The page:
Welcome to the tenth installment of Bullet Points. I'm Charles Ryan, one of the designers of the d20 Modern Roleplaying Game. I'm here to answer your questions about the game, offer advice on tricky issues, and give you a little peek into the minds of the designers. You'll be hearing from me every couple of weeks.
If you've checked out the earlier installments of Bullet Points, you know the format. Every two weeks I pick an issue that's provoked a lot of questions or comments, begin with a general discussion of the topic, and then answer specific questions related to it. If there are any unrelated but pressing questions in my mailbox, I might tackle them at the end of the column, but only if there's room and they can't wait for an appropriately themed column.
In this installment, we'll take a second look at the Wealth system. I talked a bit about the design philosophy behind the Wealth rules back in Bullet Points #2, so you might want to begin by checking out that installment if you haven't read it before.
Since then, I've received a number of questions about the Wealth system. One recurring query runs along these lines: Vehicles are expensive, and so are weapons. Both are pretty essential to modern adventuring, but a character without a high Wealth bonus probably can't afford both a gun and a set of wheels. Is it supposed to be so hard to buy the necessities?
The short answer is yes. Most heroes won't be able to afford everything they want at 1st level. Let's have a closer look.
Buying Your First Car
A 1st-level character starts with a Wealth bonus equal to the result of 2d4 plus the bonus from her occupation. She might also have a bonus from the Windfall feat, but let's assume she didn't take that. The average result on a roll of 2d4 is 5; the minimum is 2. The average Wealth bonus increase from the occupations given in Chapter 1 is about +2, but every occupation grants a bonus of at least +1. So an average character has a Wealth bonus of +7 (an average roll of 5 on 2d4, +2 for an average-Wealth occupation). The absolute minimum Wealth bonus for a 1st-level character is +3 (a roll of 2 on 2d4, plus a +1 increase for a low-Wealth occupation).
So what can a character buy with a measly +7 Wealth bonus? Well, she can definitely afford either a firearm or a vehicle, but the odds are against getting both. Let's look at buying a vehicle, since that's the more expensive item.
By taking 20, the character can swing an item with a purchase DC of 27. Several cars and motorcycles have purchase DCs of 27 or below, and the character can even afford a vehicle that would normally have a purchase DC of 28 if she buys used. But she loses 2d6+1 Wealth for such a purchase, so there's a good chance she'll be tapped out. (The average result on a 2d6+1 roll is 8, which would reduce her Wealth bonus to +0.) If she rolled well and got a Wealth loss result of 6 or lower, though, she might still have a point or two of Wealth bonus left. By taking 20 on the purchase of a weapon, she could get nearly any firearm on the list.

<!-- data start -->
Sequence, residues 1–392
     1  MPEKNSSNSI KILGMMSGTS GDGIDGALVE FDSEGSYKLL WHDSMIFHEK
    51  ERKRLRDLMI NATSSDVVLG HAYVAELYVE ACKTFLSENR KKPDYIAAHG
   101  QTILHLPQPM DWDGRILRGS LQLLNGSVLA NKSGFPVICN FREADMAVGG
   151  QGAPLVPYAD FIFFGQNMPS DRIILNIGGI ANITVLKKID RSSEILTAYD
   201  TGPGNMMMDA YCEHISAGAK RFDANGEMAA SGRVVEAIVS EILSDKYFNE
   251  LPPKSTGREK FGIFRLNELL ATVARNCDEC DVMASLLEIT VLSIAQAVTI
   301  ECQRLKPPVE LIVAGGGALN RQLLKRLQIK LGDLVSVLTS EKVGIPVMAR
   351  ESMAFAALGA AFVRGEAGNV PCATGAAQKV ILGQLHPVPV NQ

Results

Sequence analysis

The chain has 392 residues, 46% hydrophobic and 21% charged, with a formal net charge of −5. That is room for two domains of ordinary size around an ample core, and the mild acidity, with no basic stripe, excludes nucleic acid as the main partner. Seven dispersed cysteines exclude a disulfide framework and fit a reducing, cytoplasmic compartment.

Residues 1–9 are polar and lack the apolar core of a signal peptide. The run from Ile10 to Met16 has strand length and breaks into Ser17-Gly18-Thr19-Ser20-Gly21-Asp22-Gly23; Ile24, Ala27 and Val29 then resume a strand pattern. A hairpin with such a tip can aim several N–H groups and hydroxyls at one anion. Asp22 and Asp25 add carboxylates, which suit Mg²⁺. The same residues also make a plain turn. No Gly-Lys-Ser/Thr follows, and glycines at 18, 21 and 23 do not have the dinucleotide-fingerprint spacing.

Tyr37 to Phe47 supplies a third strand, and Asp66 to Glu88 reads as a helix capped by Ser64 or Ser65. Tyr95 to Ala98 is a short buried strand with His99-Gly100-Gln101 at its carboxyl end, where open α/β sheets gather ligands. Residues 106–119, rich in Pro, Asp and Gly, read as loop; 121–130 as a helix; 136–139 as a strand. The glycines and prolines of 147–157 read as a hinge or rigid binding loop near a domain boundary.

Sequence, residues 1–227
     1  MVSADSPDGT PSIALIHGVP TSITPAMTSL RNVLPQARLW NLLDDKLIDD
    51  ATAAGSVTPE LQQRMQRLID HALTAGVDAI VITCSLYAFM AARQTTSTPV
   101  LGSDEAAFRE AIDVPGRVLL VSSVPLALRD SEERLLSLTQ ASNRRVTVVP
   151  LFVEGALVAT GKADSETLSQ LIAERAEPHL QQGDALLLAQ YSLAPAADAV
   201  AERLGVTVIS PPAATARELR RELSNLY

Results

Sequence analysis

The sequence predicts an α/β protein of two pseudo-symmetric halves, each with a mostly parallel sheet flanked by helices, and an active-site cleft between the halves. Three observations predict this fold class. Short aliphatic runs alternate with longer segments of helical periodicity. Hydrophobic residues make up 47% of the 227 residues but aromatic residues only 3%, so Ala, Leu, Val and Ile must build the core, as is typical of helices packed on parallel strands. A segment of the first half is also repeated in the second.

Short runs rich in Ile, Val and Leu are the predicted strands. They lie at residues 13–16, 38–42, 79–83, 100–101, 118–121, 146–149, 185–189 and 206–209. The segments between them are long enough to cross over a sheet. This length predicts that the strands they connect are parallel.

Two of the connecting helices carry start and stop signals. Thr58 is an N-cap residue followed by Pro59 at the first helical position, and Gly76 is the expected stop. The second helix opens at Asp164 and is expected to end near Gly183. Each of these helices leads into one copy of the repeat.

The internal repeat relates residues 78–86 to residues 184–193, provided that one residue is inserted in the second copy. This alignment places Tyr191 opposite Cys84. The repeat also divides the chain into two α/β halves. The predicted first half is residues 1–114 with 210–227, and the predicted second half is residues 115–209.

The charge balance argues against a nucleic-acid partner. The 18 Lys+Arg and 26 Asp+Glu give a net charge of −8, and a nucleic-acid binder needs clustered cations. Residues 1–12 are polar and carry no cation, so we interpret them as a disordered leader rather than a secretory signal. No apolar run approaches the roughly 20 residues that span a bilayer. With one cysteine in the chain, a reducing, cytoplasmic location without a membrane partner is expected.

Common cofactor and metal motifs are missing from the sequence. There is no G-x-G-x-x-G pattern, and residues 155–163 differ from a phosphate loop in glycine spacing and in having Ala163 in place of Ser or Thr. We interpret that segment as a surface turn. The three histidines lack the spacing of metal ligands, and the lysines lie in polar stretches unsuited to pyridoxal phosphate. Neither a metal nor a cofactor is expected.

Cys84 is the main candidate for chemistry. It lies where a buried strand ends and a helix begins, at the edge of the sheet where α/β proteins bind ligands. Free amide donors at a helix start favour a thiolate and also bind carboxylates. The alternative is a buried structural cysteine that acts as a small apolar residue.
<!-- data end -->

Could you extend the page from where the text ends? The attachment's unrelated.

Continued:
Why is it so hard to purchase multiple expensive items? Well, because the game is about making choices. You can't have everything you want when you're choosing your feats or spending your skill points, and the principle is the same here. If your character's occupation doesn't provide a high Wealth bonus, you'll probably end up having to make a choice when you want two expensive items. You might have to settle for just the weapon and have some other character (someone with a higher Wealth score, presumably) provide a ride for the group. Alternatively, you could choose to start the game with a higher Wealth bonus. If you really want both a gun and a car, you could choose a different occupation -- one that offers a higher Wealth bonus increase. (Occupational Wealth bonus increases go up to +6, which would provide a starting Wealth bonus of +11 with an average roll on 2d4.) Or you might even decide that it's worthwhile to pick Windfall instead of some other feat. A few extra points of Wealth bonus go a long way -- a hero with a Wealth bonus of +11 can usually afford a nice car and a reasonably expensive gun, and often at least one more big-ticket item as well.
Keep in mind that we've been focusing on expensive items such as cars and guns in this discussion. A character with a +7 Wealth bonus isn't limited to just a car or gun and nothing else. If you follow the advice in the sidebars on page 91 of the d20 Modern Roleplaying Game, even a low-Wealth character can start with dozens of other, relatively inexpensive items.
Possessions are as much a part of what makes a character unique as class abilities are. Not every character can be the best in melee combat, or the sneakiest, or the top spellcaster. Likewise, not everyone can be the guy with the fancy weapons or the sweet ride. Choose cool items that reflect your character's focus and let other players have the pleasure of doing the same. Your character probably isn't taking on missions alone, so it's fine to let each character stand out in his or her own way.
Questions and Answers
Now that we've covered that key point, let's look at some other questions.
Is it assumed that a character starts out with the necessities of modern life, such as a place of residence and a car? Or is he supposed to buy these with his starting Wealth? Wouldn't buying such things almost always reduce a character's Wealth bonus to +0?